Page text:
This first one is fairly simple in a lot of ways – tidy up! We don’t mean scrubbing the walls and washing the windows (though that won’t hurt), but just stacking books and paper in ways that make sense, sorting out your storage systems and taking a few hours each day to generally tidy and make the space feel neat. This comes easier to some people more than others, but most still find that a tidy living area puts them in a better headspace. Once you’ve done the laundry, tidied the surfaces, taken the garbage out and made the bed, it’s incredible how much more at ease you can feel!
This isn’t an interior design tip per se, but once these basic steps have been taken, it leaves a blank canvas upon which to develop and improve your interiors to really make you feel better on a day-to-day basis.
A big factor in how you feel at home is the presence or absence of sunlight in your space. While you may be someone who likes the dark, regular exposure to sunlight has shown to drastically increase your good moods and ultimately make you happier. Biophilic designers have studied the connection that ancient humans had with nature, explaining that our subconscious reaction to sunlight tells us that it is a good day for hunting, and that there are less predators around. These specific needs are no longer relevant to modern human beings, but the experience of living in sunny spaces still subconsciously affects us in the same way.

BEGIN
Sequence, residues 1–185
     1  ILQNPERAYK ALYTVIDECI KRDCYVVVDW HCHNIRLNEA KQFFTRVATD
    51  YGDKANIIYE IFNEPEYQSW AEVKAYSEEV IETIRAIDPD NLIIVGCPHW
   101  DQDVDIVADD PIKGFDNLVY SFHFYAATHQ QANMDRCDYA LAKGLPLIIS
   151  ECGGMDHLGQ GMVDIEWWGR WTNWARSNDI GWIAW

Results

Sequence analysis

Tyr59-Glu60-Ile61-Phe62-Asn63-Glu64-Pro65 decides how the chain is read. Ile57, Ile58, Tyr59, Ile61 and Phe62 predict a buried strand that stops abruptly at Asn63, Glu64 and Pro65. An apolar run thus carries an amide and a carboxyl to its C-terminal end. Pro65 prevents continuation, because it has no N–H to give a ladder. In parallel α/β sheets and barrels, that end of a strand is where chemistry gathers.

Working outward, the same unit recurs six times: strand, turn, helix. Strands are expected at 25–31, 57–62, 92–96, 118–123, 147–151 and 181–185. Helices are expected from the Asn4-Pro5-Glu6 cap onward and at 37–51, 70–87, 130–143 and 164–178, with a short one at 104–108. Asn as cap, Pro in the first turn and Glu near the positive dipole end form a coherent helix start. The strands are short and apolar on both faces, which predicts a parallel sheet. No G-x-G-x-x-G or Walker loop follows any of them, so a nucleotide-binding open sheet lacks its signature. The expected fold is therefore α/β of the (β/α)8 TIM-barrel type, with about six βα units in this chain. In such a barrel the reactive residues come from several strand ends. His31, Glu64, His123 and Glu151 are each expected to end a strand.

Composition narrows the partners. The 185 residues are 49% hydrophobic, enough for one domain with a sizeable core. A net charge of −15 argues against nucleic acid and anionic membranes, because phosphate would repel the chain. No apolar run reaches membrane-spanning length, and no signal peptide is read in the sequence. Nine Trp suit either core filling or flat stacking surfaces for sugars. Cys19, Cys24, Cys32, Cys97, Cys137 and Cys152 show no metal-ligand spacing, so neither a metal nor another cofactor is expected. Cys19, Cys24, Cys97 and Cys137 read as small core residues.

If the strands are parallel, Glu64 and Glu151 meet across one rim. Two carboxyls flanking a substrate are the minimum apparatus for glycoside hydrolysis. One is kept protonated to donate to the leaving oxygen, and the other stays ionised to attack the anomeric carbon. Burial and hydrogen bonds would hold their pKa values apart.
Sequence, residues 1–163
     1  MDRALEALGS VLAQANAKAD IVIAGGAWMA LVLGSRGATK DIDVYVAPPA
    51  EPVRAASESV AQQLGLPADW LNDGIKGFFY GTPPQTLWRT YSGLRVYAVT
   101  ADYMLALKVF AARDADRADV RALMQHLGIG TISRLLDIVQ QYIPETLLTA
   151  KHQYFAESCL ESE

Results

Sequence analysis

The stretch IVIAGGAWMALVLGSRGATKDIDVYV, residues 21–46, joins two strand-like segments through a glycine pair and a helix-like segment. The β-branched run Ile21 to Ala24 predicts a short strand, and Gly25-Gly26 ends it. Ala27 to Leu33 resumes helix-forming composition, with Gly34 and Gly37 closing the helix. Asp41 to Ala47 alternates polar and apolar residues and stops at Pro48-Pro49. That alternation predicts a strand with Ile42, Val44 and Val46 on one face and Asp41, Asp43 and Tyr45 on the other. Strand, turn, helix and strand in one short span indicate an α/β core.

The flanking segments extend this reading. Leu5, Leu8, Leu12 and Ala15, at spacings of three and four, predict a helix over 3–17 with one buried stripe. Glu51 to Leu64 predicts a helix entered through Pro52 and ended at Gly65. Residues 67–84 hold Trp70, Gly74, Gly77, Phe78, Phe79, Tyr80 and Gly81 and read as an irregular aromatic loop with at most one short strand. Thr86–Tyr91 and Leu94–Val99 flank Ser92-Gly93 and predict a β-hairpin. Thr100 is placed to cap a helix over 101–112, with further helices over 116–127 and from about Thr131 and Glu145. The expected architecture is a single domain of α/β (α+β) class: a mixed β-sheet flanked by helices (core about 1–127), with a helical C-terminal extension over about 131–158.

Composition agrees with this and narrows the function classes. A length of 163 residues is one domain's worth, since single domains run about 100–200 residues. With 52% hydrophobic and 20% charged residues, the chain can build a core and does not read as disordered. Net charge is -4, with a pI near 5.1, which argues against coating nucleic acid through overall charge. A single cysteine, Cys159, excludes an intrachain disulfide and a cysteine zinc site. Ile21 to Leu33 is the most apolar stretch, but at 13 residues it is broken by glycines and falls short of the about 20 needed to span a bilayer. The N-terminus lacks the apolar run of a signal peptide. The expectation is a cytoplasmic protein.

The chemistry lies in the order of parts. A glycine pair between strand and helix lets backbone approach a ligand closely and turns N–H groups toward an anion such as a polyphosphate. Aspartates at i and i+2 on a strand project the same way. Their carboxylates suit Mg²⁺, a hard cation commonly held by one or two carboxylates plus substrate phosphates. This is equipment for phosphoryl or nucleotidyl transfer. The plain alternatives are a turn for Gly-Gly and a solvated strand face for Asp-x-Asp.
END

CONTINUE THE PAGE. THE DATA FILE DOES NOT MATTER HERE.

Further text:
Sunlight is a very important part of maintaining everyday emotional wellbeing and incorporating light and brightness into your living space can help lift your mood by a considerable amount.
Start with the basics. If you live in a small space, having light coloured walls goes a long way towards making the space feel larger and less claustrophobic. Having furniture and other appliances that aren’t too dark in colour can help too, though this varies from space to space.
Consider your curtains and window areas too. Do you regularly have your blinds or curtains drawn? What effect does this have on the feel of the space? Not letting enough light into the room can negatively affect your mood, so try to plan your living area accordingly.